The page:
Image Credit: James Ashworth
Image Description: Daphne Ashbrook
By James Ashworth
Back in the heady days of 2019, when people could gather into rooms full of others they didn’t know, Panopticon Lite brought together figures from the Eighth Doctor’s era on screen and audio, all in one place. One who has perhaps had less chance to shine than the rest is Daphne Ashbrook. Otherwise known as Grace Holloway, she could have starred in the proposed McGann-led television series, had it been picked up. As the convention got underway, Daphne sat down to discuss her career as a life-long actor.
Being born in the same year the Doctor Who would first hit the screens, it may seem like Daphne was destined to be in the show. But it was theatre, not TV, where her imagination was first hooked, with her first experiences of acting formed hanging around backstage watching her actor parents, Buddy Ashbrook and D’Ann Paton, perform. As a result, she says her own decision to become an actor “happened naturally.” This led to her first role at the age of six, playing a Native American in a play directed by her father. The next year, she would go on to win an award for her performance, cementing her decision to act for a living.
After growing up in San Diego, she would head to Los Angeles to tread the boards, appearing in a number of “little theatre” plays before intending to head to New York for the height of American theatre – Broadway. However, before she could follow that goal, she ended up in the TV business, landing her first guest starring role in the episode ‘A Knight in Shining Armor’ on Knight Rider. Over the next few years, this would see her compete with countless other actors in Los Angeles during the casting season.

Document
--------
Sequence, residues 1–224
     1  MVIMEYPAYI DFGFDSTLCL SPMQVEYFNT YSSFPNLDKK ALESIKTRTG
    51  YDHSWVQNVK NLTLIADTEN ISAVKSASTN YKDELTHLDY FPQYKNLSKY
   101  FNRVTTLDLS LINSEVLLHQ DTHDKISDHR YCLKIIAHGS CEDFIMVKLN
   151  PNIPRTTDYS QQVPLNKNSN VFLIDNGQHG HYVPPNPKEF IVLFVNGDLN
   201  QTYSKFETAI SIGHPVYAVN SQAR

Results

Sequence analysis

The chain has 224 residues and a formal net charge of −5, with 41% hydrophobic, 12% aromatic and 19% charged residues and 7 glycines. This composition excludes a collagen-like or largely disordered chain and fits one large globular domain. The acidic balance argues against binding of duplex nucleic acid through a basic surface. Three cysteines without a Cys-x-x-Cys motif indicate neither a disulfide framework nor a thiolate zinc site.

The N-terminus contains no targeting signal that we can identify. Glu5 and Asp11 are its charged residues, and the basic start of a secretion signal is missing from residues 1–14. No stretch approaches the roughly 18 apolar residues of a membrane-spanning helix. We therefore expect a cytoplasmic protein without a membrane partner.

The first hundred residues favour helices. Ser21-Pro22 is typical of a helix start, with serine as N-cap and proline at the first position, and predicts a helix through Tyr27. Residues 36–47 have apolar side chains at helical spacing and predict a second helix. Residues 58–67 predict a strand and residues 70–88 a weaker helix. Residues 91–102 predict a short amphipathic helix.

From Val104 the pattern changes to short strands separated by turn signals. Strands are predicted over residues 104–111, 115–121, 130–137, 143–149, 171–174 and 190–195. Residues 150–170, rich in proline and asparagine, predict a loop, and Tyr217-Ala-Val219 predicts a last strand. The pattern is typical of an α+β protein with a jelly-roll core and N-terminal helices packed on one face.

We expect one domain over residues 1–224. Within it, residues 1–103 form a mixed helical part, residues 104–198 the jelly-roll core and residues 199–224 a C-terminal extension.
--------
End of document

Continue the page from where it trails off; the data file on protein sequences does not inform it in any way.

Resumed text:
“It was a job to get out there and find a job,” she said. However, the work paid off, seeing her land the lead role as Liz McKay in the television series Our Family Honor. It was a “fun, exciting” time as she appeared in a variety of shows over the years, including plenty of pilots for TV shows that were never picked up. One of these was Sisters, directed by Mimi Leder, who she said “valued her take on things.” While Daphne was a big fan of the concept, which examined the lives of three sisters in Manhattan, it came at a bad time, with two other pilots sharing the same name being pitched that same year. While the others were taken forward to series, Daphne’s was unfortunately consigned to the history books.
However, 1990 would also see her continue her ongoing relationship with cult television, following appearances in Knight Rider and The A-Team. Appearing for the first time in Murder, She Wrote, she would later go on to appear twice more in the show; both times as the killer. In the last episode, ‘Nailed’, she would appear alongside Rosalind Chao, a frequent guest star of her first foray into science fiction – Star Trek: Deep Space Nine.
Daphne would appear in the episode ‘Melora’ as the titular Starfleet officer, whose species exists in a low-gravity environment. She said that the episode was “really hard to shoot,” with over three and a half hours of makeup and costuming before she could get onto the set. This led to a “23-hour shooting day,” on three hours of sleep, where she recalls she had to stop drinking liquid to ensure the costume wouldn’t break.